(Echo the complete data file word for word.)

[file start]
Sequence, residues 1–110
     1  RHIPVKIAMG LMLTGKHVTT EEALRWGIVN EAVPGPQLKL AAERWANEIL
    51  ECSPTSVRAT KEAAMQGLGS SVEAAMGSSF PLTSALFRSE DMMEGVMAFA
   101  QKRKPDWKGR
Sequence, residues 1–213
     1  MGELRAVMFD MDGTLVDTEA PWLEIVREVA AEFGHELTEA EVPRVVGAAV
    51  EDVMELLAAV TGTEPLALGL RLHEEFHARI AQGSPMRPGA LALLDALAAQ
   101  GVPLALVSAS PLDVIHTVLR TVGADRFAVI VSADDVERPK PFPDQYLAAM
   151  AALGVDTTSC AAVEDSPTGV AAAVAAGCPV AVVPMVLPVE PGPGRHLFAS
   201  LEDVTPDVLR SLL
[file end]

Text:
Sequence, residues 1–110
     1  RHIPVKIAMG LMLTGKHVTT EEALRWGIVN EAVPGPQLKL AAERWANEIL
    51  ECSPTSVRAT KEAAMQGLGS SVEAAMGSSF PLTSALFRSE DMMEGVMAFA
   101  QKRKPDWKGR
Sequence, residues 1–213
     1  MGELRAVMFD MDGTLVDTEA PWLEIVREVA AEFGHELTEA EVPRVVGAAV
    51  EDVMELLAAV TGTEPLALGL RLHEEFHARI AQGSPMRPGA LALLDALAAQ
   101  GVPLALVSAS PLDVIHTVLR TVGADRFAVI VSADDVERPK PFPDQYLAAM
   151  AALGVDTTSC AAVEDSPTGV AAAVAAGCPV AVVPMVLPVE PGPGRHLFAS
   201  LEDVTPDVLR SLL